Keep it simple – An introduction to delay analysis

As planning and delay professionals, we are often asked if we believe that delay analysis is as complicated as what other professionals say and some, even sarcastically, ask if delay analysts have a magic box to keep the black art of delay analysis in… the simple answer is NO to both questions!

On a more serious note, the key to delivering any successful delay analysis is the selection of the most appropriate methodology and upon selection and execution of the analysis being able to simplify the results and present the findings.

Methods of Delay Analysis

Delays are often complex issues that require a clear and objective opinion on the areas of contention and at the Iain Wishart group we like to make the analysis, explanation, and demonstration as simple as possible. Over the course of this article, we examine the process of analysing delay in greater detail.

Whilst the delay analyst has several different methodologies and often has a preferred choice, we believe the key to any successful delay analysis is dependent on several factors which normally relate to:

• The terms of the Contract;

The availability of appropriate programmes (i.e., baseline or contract programmes);

• The as-built data – i.e., the contemporaneous progress information;

• The nature of the delaying events; and finally

• Records to substantiate the delays.

Prior to selecting a delay analysis method, one of the first tasks of the delay analyst should be to arrange a workshop with the Client’s team and subject to the type of appointment, the Client’s legal representatives.

During the workshop, it is important to:

• Identify what programming data is available, including in electronic format.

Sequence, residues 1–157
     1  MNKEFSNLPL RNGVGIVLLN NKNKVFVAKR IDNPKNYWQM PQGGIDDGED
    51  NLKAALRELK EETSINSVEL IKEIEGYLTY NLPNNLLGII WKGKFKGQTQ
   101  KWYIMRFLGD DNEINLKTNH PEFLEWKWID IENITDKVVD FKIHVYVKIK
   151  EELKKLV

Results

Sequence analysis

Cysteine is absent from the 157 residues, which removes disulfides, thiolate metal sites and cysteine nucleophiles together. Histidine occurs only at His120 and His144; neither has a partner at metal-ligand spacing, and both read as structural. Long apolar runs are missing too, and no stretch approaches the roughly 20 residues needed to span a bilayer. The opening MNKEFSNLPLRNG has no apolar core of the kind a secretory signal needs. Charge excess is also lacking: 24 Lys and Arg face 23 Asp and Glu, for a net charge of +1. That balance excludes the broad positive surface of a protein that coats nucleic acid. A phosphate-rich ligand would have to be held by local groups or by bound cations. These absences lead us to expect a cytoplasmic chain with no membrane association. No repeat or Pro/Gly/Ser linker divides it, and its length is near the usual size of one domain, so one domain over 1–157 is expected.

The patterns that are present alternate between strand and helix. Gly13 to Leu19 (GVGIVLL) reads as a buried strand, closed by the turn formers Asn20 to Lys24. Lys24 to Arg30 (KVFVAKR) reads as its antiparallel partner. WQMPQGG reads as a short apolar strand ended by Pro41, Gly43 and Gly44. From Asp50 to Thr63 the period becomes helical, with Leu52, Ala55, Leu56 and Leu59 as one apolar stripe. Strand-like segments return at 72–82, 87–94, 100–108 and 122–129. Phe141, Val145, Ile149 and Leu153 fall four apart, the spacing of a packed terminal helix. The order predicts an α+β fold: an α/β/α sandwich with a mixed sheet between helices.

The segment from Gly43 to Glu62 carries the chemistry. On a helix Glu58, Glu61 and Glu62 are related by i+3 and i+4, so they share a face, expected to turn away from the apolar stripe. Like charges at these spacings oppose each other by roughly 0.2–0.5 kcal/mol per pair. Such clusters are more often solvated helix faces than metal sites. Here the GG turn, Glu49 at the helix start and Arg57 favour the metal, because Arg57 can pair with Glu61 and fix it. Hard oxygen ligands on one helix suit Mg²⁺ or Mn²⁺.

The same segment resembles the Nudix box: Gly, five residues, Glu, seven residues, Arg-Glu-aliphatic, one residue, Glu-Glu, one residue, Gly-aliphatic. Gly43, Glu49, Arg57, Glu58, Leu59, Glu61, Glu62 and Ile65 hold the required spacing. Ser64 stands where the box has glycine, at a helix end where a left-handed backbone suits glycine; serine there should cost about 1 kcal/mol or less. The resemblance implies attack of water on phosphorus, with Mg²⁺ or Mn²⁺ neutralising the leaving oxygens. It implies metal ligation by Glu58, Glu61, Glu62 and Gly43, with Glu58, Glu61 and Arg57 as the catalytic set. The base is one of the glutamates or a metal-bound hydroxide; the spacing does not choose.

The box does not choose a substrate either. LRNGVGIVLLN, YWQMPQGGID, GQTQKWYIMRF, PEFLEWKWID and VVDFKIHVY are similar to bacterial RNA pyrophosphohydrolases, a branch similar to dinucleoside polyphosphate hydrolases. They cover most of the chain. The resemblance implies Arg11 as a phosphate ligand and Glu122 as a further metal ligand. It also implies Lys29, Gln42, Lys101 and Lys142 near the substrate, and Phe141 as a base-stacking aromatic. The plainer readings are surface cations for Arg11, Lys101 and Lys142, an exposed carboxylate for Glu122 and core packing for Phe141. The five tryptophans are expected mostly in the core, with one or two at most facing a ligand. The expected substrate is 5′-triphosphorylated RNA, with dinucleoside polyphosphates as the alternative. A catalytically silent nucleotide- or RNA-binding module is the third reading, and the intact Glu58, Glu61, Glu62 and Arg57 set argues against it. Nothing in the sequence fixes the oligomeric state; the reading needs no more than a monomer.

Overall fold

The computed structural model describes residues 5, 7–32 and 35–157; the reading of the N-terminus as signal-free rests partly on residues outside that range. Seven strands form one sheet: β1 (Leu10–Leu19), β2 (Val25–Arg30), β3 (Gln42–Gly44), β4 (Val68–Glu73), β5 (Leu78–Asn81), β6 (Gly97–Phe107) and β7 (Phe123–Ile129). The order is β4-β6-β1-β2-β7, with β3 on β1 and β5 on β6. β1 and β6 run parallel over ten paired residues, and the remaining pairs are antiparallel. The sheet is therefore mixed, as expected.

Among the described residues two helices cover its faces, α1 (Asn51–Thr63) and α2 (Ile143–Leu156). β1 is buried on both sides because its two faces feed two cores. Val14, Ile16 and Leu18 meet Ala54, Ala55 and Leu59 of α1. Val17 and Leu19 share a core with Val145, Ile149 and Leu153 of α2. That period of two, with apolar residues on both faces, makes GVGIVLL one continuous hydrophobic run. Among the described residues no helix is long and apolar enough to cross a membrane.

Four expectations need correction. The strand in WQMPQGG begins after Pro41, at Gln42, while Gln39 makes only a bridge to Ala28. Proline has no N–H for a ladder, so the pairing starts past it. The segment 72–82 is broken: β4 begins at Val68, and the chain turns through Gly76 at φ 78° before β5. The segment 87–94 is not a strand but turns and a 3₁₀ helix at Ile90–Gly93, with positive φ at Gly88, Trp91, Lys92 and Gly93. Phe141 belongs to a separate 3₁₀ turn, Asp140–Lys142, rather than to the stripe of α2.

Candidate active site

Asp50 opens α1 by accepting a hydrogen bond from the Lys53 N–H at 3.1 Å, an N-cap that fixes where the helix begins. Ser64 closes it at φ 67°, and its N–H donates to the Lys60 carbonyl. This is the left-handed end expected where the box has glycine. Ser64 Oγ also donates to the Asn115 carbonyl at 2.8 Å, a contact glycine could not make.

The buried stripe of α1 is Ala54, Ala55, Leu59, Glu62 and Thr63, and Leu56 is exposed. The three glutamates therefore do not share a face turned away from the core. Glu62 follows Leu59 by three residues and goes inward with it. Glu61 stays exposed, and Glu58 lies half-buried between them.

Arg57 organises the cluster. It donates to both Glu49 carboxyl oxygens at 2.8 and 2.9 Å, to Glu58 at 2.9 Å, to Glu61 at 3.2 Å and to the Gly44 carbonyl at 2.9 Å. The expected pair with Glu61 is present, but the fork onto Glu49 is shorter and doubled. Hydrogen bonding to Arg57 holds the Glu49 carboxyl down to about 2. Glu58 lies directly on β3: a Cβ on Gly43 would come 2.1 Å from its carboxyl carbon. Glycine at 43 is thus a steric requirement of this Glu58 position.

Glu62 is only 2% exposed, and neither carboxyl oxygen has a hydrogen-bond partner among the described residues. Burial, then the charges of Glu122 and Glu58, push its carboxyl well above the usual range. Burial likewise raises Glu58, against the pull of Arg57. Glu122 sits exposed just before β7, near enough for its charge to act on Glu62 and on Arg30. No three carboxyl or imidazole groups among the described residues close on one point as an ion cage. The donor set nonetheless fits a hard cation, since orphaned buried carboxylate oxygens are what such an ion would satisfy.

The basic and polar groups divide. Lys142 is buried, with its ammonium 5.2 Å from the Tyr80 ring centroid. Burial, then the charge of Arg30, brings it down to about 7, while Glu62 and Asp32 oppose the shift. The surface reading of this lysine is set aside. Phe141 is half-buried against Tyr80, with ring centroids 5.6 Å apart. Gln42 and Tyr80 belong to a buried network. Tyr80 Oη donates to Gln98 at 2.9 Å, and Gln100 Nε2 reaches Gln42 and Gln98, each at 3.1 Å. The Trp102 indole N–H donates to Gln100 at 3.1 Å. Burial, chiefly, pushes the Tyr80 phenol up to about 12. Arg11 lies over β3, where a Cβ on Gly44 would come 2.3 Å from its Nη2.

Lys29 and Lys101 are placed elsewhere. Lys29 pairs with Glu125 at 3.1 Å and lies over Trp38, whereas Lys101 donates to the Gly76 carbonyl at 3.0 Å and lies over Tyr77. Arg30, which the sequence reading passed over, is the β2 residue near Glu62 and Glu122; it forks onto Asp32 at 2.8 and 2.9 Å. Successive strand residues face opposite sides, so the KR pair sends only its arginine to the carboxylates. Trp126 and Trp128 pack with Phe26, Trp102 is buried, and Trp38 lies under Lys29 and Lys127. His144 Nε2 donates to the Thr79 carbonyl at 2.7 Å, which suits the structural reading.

• Identify the progress failures i.e., the possible claim headings.

• Raise questions and discuss the progress failures.

• Identify the project records that support the progress failures and those most likely be used to support the delay analysis and the drafting of the analysis.

• Seek Client input and request clarification and further supporting documents.

    • At this stage, it is key to take a step back and assess the situation and look at the strategic positioning that may be required, such as preparing a document for the purposes of negotiation; mediation; litigation; Dispute Adjudication Board / Dispute Review Board or arbitration.

• Upon completion of the workshop, it is important to understand what information is available or not as the case may be before requesting any further particulars and moving to selecting a method for the delay analysis.

Choosing a method of delay analysis can be a relatively simple process if the steps outlined above and input are undertaken to the required detail and in doing so, it allows the delay analyst to review the available records and the requirements of the appointment before looking to select the most appropriate delay method.

A delay analyst has several widely used methodologies or techniques that they can adopt and in our opinion, the five most widely used and recognised methods of delay analysis are:

• A comparison of as-planned with as-built;

• An impacted as planned;

• A collapsed as built;

• Time impact analysis; and

• Time slice or Windows analysis.

As Planned versus As Built